Currency • For whatever purpose • Whether at home or in banks • Of any country as long as it is in use • Cash deposited or set aside for marriage or Hajj • Deposited in trusts • Rent from real estate • Debts receivable
Debts Receivables • The following are Zakatable even before they are received: • Loans advanced with hope of repayment • Receivables from the sale of commercial goods • One may however pay Zakat after they are received, but in that case, Zakat of the previous years will also have to be given.
Debts Receivables • The following are not Zakatable unless they are actually received: • Loans advanced without any hope of repayment, and or without proof • Used personal belongings sold and awaiting payment • Wages, fees, remuneration of services • Mahr owed to wife • Inheritance shares • Amount deducted from wages without consent or choice from employee
Business Goods • Anything bought with the intention of reselling. • If at the time of buying, the intention to resell was not made, it will not be a business good. • If the intention to resell was not made at the time of buying, but later on the person changed his intention and wanted to resell, it will still not be categorized as a business good. • Raw material for manufacture • Finished factory products
Stocks • Shares bought for capital gain • Market value is Zakatable • Shares bought for long term investment • The non-Zakatable assets of the company may be deducted from the market value Zakatable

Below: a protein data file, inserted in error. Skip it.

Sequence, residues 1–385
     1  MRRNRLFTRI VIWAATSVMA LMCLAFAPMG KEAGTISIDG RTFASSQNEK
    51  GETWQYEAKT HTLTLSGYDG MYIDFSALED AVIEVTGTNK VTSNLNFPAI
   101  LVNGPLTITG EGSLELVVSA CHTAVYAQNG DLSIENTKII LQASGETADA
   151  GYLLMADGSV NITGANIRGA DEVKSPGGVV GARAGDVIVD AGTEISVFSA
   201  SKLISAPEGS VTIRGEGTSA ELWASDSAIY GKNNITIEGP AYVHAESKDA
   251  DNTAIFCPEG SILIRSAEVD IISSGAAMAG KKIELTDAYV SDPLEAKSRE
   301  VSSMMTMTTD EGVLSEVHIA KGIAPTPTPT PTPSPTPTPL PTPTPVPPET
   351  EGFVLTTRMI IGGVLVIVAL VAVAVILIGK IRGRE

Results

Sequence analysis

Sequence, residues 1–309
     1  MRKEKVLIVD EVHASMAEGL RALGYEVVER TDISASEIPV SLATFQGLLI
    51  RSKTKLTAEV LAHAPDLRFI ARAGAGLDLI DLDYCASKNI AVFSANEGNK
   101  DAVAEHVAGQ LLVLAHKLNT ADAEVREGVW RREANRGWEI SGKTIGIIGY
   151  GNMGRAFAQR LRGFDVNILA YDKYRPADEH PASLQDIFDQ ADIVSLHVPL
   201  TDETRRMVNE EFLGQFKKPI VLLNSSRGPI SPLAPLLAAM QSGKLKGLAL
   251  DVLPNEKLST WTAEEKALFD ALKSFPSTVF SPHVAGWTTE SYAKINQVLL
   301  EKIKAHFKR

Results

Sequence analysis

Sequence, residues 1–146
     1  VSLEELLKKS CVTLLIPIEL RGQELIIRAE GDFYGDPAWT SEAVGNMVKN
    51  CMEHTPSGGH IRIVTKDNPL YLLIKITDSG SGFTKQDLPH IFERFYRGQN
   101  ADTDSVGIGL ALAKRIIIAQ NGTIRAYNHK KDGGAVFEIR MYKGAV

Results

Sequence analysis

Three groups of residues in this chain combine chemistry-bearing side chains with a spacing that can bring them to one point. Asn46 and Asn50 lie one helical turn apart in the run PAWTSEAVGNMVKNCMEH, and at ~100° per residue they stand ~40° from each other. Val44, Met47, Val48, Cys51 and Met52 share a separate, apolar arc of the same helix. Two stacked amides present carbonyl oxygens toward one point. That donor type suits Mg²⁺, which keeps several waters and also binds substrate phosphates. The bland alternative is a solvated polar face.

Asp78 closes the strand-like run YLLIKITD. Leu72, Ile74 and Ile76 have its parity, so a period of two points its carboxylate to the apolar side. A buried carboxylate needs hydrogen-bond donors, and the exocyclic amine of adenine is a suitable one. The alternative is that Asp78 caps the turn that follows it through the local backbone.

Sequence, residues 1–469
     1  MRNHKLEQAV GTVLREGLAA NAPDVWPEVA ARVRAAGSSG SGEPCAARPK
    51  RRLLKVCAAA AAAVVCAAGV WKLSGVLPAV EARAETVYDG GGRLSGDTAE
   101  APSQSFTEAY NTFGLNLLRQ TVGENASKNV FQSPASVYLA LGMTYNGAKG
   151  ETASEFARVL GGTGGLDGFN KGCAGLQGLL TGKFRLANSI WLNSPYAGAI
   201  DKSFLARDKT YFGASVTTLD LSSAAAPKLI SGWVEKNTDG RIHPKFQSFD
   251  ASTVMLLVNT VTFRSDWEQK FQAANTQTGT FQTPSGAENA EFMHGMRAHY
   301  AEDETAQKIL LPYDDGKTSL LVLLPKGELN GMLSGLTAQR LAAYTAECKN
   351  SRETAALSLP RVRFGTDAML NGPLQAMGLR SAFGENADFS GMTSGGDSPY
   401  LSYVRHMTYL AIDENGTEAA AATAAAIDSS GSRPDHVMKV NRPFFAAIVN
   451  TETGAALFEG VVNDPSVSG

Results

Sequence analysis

Pension Funds • 401Ks, IRAs are Zakatable because they are considered the ownership of the investor • This includes any such fund that an employee invests in by optionally having a portion of his wages deducted. • Taxable amount may be deducted. • Pension plans are not Zakatable until received. • This includes any such fund that an employer invests in by deducting from wages without the employees’ consent.
Trusts • Whether family trusts or created under a will, Zakat is payable each year on the Zakatable assets of the trust less allowable liabilities. • If a family trust is created solely for tax planning purposes, the Zakat is payable by the true donor i.e. the person whose assets are transferred into the trust. • In all other cases, the Zakat is payable by the beneficiaries of the trust in proportion to their respective shares. • Guidance must be sought
Pledges & Deposits • Any Zakatable asset (cash, gold) that is pledged to a creditor as a security (rahn) is not Zakatable. • Similarly the amount forwarded as deposit for rent or any other service is also non-Zakatable.